Enemies call each other names. They also tell fibs about the foe. I was recently reminded of this as I moved along the frontlines in Ukraine’s Donetsk and Luhansk oblasts. These territories were invaded by the Russians in February 2014. A war, euphemistically described by Kyiv’s politicians as an “anti-terrorist operation” (ATO), is still being fought there, daily.
Vulgarities aside, many Ukrainian soldiers have taken to mocking the so-called “separatists” by calling them “vatniky,” the name used for the padded winter jackets (vatnik) worn by the Russian military, in this context meaning their opponents are nothing more than a dull-witted bunch of drunks and criminals.
For their part the “separatists” and their Russian backers have tried to retaliate, ridiculing Ukrainians by referring to them as “ukrop,” the word for dill, which many Ukrainians admittedly do enjoy with just about anything they may be eating, from boiled potatoes to borshch.
Instead of taking offense, however, Ukraine’s soldiers and even the public have embraced this once-derogatory term for their nation, so robbing it of offensiveness. You can buy a T-shirt declaring yourself an ukrop from many stalls found along the roadway descending from St. Andrew’s Church in Kyiv’s upper town to the historically commercial neighborhood of Podil. I did.
The Russians also circulated some rather odd rumors, insisting, for example, that Ukrainian troops were killing Eurasian bullfinches because their white-blue-red coloration was reminiscent of the Russian tricolor, a nefarious plan apparently intended to also secure more territory for a local species of titmouse, a bird whose blue and yellow plumage evokes Ukraine’s national flag. I saw both types of bird flying about – ornithologists need not worry.
Another apocryphal claim the Russians spread was that Ukrainian troops were chowing down on local infants; with black humor the Ukrainians admitted to the “truth” of this fairytale while advising those spreading the story that they too would relish eating babies if only they knew how to properly prepare them as a food dish – perhaps by adding a dash or two of ukrop?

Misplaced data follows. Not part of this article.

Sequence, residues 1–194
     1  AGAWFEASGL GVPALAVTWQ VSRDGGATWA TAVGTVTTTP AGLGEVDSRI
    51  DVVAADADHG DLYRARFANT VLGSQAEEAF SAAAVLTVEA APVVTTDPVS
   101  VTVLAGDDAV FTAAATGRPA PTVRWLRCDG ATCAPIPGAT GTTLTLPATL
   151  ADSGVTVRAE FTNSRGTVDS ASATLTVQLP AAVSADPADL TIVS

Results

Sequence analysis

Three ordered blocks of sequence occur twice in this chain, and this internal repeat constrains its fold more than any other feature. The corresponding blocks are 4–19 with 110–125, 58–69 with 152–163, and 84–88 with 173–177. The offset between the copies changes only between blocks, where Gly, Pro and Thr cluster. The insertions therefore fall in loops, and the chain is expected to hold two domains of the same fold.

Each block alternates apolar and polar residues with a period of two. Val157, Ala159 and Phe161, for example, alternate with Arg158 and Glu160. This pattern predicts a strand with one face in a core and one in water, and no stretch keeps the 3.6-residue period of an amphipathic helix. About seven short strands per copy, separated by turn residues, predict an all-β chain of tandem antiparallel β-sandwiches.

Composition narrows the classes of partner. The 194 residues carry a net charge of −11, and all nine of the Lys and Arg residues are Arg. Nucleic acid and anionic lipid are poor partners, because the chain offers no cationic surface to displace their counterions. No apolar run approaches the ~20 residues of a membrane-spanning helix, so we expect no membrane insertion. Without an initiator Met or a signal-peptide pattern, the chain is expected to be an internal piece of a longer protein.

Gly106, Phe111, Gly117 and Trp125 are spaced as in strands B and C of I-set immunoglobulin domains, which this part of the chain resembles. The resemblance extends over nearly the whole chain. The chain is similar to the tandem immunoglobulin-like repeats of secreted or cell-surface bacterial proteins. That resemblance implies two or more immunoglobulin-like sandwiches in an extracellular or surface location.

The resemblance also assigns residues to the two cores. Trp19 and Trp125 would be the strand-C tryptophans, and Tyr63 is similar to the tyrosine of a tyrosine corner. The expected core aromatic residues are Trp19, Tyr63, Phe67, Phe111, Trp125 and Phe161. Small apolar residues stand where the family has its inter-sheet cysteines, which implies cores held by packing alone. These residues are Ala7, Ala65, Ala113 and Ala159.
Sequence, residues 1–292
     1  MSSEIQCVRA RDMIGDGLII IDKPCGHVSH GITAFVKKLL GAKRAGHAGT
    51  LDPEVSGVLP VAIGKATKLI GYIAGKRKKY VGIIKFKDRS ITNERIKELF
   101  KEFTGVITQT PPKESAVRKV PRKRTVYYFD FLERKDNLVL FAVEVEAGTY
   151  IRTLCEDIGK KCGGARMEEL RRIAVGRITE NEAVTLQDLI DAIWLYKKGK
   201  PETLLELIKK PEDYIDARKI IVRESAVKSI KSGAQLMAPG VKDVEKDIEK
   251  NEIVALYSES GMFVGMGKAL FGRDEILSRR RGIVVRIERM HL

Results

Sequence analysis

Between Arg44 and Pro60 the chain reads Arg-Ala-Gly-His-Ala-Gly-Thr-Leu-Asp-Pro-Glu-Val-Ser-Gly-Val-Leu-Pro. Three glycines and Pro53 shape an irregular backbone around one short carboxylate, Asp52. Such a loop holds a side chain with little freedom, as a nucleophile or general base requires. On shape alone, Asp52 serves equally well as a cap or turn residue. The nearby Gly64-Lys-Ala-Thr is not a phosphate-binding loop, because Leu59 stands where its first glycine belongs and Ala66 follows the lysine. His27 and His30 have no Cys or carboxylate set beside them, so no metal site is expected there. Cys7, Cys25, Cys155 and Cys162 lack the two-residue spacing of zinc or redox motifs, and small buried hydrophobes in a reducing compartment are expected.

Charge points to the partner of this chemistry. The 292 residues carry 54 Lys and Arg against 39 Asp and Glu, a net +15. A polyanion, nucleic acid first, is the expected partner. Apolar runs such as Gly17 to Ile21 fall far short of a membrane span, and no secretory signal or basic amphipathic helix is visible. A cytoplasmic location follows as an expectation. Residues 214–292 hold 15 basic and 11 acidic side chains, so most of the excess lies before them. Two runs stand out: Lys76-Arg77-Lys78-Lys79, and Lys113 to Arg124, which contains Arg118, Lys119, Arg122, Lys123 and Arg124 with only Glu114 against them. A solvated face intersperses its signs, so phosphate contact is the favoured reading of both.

Now, in fairness, some Ukrainians also have rather strange ideas about this war. Two friends of a soldier on leave in the western Ukrainian region of Bukovyna heavily overindulged while celebrating his homecoming. The next day, when the three lads went to a local market, the two merrymakers from the previous evening were looking rather worse for wear, shuffling along with the soldier, heads bowed. Jokingly, the veteran proclaimed every volunteer at the front was gifted two Russian “raby” (slaves), like those straggling behind him, as a reward for having served – provoking an outcry as some gullible folk began complaining their returned sons hadn’t received their prizes. This, they exclaimed excitedly, was proof of official corruption as officers were “obviously” cheating enlisted men by taking more than their “fair share” of two prisoners each.
In fact, while many a Russian trooper has been captured by the Ukrainians – Moscow’s insistence that there are no Russian soldiers on Ukrainian territory is nothing but a lie – most of the latter are exchanged for Ukrainian POWs. It is deemed better to secure the release of one’s own people rather than holding onto “guests” no one wants on Ukrainian soil.
Traveling in this war-devastated region I couldn’t help but recall the old children’s rhyme: “Sticks and stones may break my bones, but names will never hurt me.” From having observed the patriotism and pluck of Ukraine’s fighting men and women, I know they won’t be beaten by the mere smears and jeers of their enemies. But, however courageous they are, these 21st century Kozaks do need the West’s help, not just ritual condemnations of Russian imperialism and selective economic sanctions, but the delivery of defensive weaponry to match what the Russian Federation has deployed against them. If so provisioned they say they will win their just war because they are fighting for independence and for Ukraine’s return to its rightful place in Europe.